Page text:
Textbook 1




Textbook Example #1: Halliday and Resnick



A hollow tube has a disk DD attached to its end. When air is blown through the tube, the disk attracts the card CC. Let the area of the card be A and let v be the average airspeed between the card and the disk. Calculate the resultant upward force on CC, Neglect the card's weight; assume that v0 << v, where v0 is the airspeed in the hollow tube.

Problem #HR-74-P

This problem is from chapter 16, page 390 of Fundamentals of Physics, Third Edition by Halliday and Resnick, John Wiley. Professor Halliday's approach is to apply Bernoulli's Principle to calculate pressure drop as a function of velocity.



(from Professor Halliday, by email)


Apply Bernoulli to the top (1) and bottom (2) of the card, using the average velocity of the fluid and set the energy equal.

p1 + dV12/2 + dgy1 = p2 + dV22/2 + dgy2


Since y1 ~ y2 and v2 = 0,

p1 + dV12/2  =  p2



 p2 - p1 = dV12/2


Force = pressure * area

 F = (p2 - p1) = A/2 * dV12

so force equals one half of the product of the area, the density and the square of the average velocity.




In general, the flows above and below the card are not in the same flow stream. To the extent the flow expands radially, the the physics might violate the assumptions of constant average velocity and constant density.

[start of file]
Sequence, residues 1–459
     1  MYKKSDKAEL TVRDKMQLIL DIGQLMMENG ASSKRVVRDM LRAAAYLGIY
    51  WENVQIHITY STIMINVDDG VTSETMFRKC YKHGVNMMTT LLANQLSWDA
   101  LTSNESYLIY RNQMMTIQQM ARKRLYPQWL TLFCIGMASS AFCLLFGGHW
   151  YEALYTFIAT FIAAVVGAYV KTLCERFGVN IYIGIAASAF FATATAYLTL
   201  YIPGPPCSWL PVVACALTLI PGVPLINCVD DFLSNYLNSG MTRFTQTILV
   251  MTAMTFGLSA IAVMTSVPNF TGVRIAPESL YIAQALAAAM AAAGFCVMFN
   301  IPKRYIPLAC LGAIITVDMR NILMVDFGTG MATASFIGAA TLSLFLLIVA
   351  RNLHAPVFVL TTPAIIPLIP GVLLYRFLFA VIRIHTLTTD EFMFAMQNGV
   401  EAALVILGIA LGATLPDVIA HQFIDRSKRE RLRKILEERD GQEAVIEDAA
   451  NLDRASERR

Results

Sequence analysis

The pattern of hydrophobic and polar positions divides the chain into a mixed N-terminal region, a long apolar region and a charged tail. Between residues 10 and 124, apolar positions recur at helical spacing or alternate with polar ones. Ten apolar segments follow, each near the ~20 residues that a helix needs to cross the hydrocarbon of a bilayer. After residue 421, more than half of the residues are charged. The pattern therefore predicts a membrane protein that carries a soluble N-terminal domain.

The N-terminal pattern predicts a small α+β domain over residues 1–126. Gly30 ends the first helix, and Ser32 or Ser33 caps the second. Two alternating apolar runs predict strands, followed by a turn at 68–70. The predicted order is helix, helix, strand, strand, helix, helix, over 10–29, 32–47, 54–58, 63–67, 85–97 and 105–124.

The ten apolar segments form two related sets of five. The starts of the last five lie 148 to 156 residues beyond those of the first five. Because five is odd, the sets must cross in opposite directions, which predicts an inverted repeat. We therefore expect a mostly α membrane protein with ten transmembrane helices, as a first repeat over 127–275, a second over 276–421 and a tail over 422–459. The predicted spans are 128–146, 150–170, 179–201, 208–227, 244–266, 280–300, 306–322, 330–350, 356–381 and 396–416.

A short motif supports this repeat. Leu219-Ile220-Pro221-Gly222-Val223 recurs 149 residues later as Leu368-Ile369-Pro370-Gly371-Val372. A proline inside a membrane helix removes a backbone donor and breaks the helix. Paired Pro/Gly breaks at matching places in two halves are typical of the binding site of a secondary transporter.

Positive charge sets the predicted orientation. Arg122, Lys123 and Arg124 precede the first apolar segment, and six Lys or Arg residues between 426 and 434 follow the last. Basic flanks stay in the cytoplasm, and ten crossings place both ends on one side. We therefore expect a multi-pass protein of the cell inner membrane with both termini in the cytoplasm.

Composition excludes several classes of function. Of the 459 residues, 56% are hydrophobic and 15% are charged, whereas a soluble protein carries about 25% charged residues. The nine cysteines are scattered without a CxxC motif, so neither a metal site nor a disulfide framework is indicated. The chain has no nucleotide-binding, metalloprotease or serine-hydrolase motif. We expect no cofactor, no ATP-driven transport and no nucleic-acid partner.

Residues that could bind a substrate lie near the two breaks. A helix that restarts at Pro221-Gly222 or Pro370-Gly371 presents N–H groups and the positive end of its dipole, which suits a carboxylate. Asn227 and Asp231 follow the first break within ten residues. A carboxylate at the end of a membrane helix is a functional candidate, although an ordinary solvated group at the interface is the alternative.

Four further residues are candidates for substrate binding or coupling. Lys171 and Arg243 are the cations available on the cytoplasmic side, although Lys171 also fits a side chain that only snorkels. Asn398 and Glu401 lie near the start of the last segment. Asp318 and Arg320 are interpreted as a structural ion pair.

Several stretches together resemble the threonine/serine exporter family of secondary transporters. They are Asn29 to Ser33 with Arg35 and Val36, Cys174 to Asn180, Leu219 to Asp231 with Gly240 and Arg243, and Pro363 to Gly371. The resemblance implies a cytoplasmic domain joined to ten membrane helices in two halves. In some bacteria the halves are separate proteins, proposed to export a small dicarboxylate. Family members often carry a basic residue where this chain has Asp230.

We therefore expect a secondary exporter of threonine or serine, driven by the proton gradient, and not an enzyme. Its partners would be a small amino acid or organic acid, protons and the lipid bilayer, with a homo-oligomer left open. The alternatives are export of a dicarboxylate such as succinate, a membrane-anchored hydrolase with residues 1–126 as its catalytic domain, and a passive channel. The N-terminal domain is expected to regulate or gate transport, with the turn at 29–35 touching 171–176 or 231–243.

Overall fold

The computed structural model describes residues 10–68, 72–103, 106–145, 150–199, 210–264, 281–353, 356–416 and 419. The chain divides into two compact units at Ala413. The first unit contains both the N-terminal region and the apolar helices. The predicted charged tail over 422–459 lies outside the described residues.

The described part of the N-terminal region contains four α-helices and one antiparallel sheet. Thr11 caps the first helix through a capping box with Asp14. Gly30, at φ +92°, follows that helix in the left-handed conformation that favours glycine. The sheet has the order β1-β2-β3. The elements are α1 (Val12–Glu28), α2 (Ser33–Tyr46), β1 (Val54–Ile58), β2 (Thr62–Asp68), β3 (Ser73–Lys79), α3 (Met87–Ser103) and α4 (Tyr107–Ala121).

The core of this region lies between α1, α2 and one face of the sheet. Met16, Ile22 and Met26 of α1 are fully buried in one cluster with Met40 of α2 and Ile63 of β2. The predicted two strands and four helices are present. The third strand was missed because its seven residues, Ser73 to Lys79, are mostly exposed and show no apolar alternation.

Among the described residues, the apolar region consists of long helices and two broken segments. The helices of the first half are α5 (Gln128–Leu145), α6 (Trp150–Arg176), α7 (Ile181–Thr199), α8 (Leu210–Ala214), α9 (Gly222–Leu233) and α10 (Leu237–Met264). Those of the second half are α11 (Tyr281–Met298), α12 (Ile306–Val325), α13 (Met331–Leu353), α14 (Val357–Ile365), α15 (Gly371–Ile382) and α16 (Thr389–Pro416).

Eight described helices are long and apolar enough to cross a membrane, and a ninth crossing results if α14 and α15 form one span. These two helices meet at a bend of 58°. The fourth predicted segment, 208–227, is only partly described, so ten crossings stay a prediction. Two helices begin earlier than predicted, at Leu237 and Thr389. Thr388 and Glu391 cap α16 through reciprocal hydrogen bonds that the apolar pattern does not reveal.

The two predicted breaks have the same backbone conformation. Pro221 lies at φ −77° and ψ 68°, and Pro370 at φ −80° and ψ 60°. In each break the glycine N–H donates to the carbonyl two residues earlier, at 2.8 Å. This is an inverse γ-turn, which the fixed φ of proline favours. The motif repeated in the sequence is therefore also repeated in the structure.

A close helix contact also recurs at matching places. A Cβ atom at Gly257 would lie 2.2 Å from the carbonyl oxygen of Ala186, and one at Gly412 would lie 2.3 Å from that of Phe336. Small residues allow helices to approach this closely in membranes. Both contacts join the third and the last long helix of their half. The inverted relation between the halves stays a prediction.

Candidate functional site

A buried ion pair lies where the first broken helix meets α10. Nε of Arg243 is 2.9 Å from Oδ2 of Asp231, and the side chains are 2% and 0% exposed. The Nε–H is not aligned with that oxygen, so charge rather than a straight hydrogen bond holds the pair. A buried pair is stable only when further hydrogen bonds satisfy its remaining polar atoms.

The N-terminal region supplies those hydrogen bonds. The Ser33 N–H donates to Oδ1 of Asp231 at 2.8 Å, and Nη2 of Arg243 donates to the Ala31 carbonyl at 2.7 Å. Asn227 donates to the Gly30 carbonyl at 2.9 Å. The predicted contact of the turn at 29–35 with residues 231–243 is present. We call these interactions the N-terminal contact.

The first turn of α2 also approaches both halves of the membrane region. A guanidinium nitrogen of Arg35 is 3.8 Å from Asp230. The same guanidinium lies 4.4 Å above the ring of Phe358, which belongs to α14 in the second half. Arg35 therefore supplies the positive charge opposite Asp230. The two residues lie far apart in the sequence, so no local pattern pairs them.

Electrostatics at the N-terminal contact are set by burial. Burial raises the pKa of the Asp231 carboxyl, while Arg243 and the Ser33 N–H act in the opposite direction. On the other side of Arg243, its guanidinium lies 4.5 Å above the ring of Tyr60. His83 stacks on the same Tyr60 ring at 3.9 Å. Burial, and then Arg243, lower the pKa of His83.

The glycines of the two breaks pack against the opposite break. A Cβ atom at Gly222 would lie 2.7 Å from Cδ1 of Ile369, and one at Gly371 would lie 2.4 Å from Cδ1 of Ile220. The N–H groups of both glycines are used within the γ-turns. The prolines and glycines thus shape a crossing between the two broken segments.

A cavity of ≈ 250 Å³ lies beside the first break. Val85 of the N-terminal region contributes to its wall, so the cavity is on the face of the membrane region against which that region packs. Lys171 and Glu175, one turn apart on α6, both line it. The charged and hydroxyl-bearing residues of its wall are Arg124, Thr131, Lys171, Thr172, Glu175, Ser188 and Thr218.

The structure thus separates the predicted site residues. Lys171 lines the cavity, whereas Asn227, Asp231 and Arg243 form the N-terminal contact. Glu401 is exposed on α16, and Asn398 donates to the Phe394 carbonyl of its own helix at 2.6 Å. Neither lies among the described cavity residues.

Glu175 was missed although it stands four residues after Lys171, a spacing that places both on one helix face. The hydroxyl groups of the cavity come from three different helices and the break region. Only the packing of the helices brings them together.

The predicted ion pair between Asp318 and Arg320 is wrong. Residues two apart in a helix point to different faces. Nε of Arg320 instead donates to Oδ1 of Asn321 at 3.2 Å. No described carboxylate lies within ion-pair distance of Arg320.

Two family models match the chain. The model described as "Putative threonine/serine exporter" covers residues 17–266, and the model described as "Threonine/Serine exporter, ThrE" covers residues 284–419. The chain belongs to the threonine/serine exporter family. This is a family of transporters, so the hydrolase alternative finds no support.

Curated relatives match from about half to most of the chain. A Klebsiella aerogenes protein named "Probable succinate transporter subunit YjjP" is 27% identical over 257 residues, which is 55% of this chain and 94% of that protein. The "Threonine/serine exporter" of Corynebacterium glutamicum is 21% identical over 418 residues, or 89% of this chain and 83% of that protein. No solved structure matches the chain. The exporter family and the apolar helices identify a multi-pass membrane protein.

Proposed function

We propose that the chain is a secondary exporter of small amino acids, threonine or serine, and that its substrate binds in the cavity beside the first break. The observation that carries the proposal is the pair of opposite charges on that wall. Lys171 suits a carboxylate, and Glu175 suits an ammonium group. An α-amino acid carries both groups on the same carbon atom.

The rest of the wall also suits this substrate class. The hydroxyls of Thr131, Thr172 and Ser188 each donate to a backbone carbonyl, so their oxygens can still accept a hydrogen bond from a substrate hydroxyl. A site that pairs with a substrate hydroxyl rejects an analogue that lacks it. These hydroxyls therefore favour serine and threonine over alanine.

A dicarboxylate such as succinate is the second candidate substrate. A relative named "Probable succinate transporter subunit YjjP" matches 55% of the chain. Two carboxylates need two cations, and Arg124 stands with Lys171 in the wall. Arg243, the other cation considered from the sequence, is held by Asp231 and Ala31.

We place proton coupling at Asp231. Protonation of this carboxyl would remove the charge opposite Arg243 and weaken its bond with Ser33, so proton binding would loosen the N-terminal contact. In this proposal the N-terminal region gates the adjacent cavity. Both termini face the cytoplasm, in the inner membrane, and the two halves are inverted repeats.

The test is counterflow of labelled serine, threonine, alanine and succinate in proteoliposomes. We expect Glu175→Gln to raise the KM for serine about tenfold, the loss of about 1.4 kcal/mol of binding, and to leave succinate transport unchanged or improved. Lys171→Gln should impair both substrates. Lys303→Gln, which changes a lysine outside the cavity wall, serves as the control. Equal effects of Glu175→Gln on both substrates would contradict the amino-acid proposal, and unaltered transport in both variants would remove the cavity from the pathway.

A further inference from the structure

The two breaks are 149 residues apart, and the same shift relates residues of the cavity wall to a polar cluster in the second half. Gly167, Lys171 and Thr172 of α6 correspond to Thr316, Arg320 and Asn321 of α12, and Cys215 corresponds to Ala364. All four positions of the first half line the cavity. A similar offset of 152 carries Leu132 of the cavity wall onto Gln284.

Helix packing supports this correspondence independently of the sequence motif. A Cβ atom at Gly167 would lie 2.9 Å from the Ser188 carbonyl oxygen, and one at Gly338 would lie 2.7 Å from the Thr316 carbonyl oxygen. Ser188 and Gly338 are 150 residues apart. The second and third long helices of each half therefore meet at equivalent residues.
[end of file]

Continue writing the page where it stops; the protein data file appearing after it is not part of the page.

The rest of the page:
Equation (1):

First, the fluid velocity above the card is not constant, and there is no particular reason to take an average velocity.

Second, the fluid above the card does not flow, in a closed loop, around the bottom of the card, and back over the top of the card again. There is simply no closed-loop to link these two regions, so the claim that these two values must be equal, may have no basis.

Third, the fluid in the cylinder, at the center of the card has higher density than that at the open edge of the card, so the constant density provision may not apply.

Equation (4):

The equation has force proportional to the square of the velocity. As such, there is no limit to the force [F], and it can be arbitrarily large. This, in turn, implies the pressure above the card can be arbitrarily small, even negative.